The Ottumwa Courier

Local News

November 16, 2012

Ottumwa sees best camping season yet

Campground managers not returning next year, position open for 2013

OTTUMWA — This year was the best camping season ever at Ottumwa Park, said Parks Director Gene Rathje.

Campers brought in $96,000 in revenue, doubling the total three years ago, he said. Revenue is generated from the $15 it costs per night for an RV, $9 per night for a tent and sales of firewood and refreshments.

“I think a lot of it had to do with the positive attitude and personalities of the campground hosts this year,” Rathje said. “They’re very friendly. We had no complaints at all about the campground.”

Rich and Mary Runnion, of Cheyenne, Wyo., hosted the campground for the first time this year, though they don’t plan on returning next year.

“They decided not to come back, mostly because they’re around their 70s, they’re retired and they want to spend more time enjoying retirement and visiting their grandchildren in Georgia,” Rathje said.

In a recent letter to the editor, the Runnions thanked this year’s campers for a great summer.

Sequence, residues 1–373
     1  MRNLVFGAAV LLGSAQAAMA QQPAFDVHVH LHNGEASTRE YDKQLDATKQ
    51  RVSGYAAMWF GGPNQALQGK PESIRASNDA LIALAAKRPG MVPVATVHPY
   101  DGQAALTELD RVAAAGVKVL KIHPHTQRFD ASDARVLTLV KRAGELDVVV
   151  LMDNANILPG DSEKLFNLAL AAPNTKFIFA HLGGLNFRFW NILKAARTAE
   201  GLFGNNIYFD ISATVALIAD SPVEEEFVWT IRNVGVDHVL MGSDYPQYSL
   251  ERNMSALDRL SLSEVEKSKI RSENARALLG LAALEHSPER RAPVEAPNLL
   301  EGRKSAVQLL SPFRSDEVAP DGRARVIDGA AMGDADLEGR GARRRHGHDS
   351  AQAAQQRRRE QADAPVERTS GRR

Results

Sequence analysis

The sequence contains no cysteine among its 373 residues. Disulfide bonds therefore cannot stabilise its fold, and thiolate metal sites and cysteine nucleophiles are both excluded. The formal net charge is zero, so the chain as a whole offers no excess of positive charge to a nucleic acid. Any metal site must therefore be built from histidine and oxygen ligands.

“We hope our services will be carried on in a manner of respect and understanding that we exemplified during the seven months we were there,” the Runnions wrote.

The Runnions could not be reached as of press time Thursday.

In 2009, Ottumwa’s campground managers were fired after serving in the position for 11 years due to a “personnel matter.” At a 2010 city council meeting, then-Mayor Dale Uehling said he had received three complaints about the managers, which led to their termination, though he did not elaborate on the complaints.

The firings outraged those in the community and those who have since moved away who camped in the park every summer through letters to the editor, radio interviews and appearances at city council meetings.

The camping season ended on Oct. 31 and will start up again on April 1.

Rathje said they will start advertising for the position in December.

“We’re looking for people that have a trailer, who will live on site and are willing to work for seven months straight,” Rathje said. “They need to have a friendly personality, be good with customer service and have some mowing and cleaning skills.”

Rathje also said weather and improvements to the campground likely helped the season.

“We numbered some of the sites and are stocking trout in the pond,” he said. “If we get through a whole summer with very few or no complaints, it’s win-win for us.”

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